Recently, progressive Democrats have proposed a Green New Deal, a massive transition to protect our planet from further damage from the juggernaut of climate change. It’s time to consider as well a Beauty New Deal to protect and restore America’s natural environment and enrich and deepen the quality of our lives.
There is an inherent human need for beauty and the vitality of creative expression. Beauty impacts all of life. Studies show that beautiful built surroundings and access to parks, nature and green space contribute to good health, social connection, altruism, equity, tolerance, reduced consumerism and increased sustainability.
While beauty’s private aspects are subject to the same unjust distribution as other private goods, beauty, as a public good, has equity as its larger dimension.
In the 1960s, amid antiwar and civil rights marches, members of Congress worked across the aisle, responding to President Lyndon Johnson’s warning that we were becoming “an ugly America” and needed to restore and protect a beautiful America for future generations.
This led not only to expanding national, state and local parks and beautifying highways, but to beautifying urban America as well.
Encouraged by Interior Secretary Stewart Udall, Lady Bird Johnson led a broad “beautification” campaign, starting with the nation’s badly neglected capital, Washington D.C. and African American neighborhoods most deprived of natural beauty by institutional racism. The “beautification” initiative was among the most widely popular of Johnson’s Great Society.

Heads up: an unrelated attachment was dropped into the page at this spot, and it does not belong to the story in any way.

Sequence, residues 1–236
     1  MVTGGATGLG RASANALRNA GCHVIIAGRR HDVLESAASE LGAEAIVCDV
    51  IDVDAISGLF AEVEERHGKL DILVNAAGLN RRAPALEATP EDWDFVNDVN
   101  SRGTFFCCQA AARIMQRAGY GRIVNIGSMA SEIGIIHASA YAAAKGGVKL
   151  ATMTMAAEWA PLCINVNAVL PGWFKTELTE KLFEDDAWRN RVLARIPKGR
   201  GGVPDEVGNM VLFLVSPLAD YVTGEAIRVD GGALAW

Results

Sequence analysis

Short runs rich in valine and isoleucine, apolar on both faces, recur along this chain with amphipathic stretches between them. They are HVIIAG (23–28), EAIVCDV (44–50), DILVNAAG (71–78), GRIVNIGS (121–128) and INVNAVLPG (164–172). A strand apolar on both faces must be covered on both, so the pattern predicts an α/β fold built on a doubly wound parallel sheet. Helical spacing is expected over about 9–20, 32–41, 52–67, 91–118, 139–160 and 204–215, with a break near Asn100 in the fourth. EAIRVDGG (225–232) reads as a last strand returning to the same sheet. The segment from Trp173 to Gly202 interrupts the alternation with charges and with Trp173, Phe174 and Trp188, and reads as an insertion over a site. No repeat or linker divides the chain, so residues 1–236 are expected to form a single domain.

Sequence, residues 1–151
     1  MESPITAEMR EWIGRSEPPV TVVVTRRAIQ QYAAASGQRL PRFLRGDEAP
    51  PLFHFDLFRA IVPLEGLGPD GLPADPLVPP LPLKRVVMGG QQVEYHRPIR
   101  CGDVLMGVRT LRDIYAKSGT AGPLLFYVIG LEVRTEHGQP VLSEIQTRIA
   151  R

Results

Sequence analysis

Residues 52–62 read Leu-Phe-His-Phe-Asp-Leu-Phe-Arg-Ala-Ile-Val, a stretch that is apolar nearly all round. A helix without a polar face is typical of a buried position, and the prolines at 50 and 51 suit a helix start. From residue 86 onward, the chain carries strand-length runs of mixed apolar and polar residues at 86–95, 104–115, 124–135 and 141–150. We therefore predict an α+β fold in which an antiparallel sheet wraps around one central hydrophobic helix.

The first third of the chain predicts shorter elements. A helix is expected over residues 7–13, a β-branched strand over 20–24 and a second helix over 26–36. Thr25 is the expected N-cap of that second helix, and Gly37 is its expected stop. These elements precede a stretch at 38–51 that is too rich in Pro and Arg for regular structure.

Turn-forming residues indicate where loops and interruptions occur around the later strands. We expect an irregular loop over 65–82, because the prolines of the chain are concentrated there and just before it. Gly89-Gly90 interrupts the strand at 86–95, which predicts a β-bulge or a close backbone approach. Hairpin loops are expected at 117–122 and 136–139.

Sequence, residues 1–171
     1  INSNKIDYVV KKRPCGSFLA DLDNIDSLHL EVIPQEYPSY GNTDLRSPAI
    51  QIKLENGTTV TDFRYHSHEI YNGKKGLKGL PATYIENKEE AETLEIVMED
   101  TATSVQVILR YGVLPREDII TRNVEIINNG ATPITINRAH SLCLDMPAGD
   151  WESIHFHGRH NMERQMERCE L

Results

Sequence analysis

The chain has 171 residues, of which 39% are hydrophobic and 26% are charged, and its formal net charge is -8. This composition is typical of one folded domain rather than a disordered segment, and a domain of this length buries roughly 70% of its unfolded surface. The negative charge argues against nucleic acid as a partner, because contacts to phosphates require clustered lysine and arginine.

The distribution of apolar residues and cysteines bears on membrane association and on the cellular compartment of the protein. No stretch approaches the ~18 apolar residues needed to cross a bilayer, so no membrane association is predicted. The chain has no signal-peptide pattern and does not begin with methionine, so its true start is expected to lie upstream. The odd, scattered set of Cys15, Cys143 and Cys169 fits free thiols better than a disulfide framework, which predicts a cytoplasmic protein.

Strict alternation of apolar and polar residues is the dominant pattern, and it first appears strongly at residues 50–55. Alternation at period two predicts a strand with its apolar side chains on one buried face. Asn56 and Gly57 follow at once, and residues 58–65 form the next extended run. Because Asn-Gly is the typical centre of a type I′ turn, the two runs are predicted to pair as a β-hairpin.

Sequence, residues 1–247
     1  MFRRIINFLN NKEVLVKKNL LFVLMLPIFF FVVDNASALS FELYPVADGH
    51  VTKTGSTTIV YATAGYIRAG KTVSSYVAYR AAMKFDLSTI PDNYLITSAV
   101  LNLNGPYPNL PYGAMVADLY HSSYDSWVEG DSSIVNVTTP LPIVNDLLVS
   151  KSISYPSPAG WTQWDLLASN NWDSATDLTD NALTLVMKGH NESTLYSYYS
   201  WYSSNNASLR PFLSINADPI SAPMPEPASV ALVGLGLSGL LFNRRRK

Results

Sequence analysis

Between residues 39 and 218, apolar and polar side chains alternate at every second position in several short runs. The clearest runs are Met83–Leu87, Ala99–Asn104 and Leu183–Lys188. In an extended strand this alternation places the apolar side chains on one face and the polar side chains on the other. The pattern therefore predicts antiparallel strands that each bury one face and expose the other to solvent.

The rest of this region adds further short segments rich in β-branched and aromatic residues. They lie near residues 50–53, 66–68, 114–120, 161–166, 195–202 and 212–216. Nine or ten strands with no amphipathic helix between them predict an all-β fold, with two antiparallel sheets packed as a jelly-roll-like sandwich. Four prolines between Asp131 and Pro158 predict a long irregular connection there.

Franklin Roosevelt’s original New Deal was multi-dimensional, not merely economic-material, but also green and beauty-oriented.
With a major focus on environmental protection and restoration, New Deal programs hired artists, writers, photographers, actors, playwrights and musicians to take public art and performance to cities and s towns across America, while providing inspiration and income to hard-hit creatives. Earlier, encouraged by Theodore Roosevelt, the City Beautiful Movement that flourished during the 1890s and 1900s added parks and other public spaces to beautify American cities.
The importance of beauty has been largely neglected in public policy discussions of our times, but these bygone efforts provide a rich store of ideas to draw upon.
A Beauty New Deal should:
- Provide greater public support for artists, writers, poets and performers by re-establishing the original New Deal’s WPA Arts programs
- Educate students to appreciate, create and cultivate beauty in their communities
- Preserve and promote natural beauty by expanding parks, wilderness areas and open spaces, while strengthening protections from commercial encroachment
- Re-establish the Civilian Conservation Corps (CCC) for beautification and environmental restoration projects
- Encourage use of property taxes for urban beautification, including planting millions of flowering and shade trees
- Build new public squares
- Support urban mini-farms and gardens
- Provide “Equal Access to Beauty” through free summer camps for underserved children
- Support “Renaissance Zones” using grants and tax incentives for beauty-led economic development in poor communities
- Support repertory theatre and other performing arts in small towns and cities
- Direct beautification funding to areas other than the established cultural centers, and finally,
- Support colleges to culturally enrich the communities around them.
Even as the current struggles threaten to tear us apart, the “Politics of Beauty” can bring Americans together and closer to the America the Beautiful of which we can all be proud.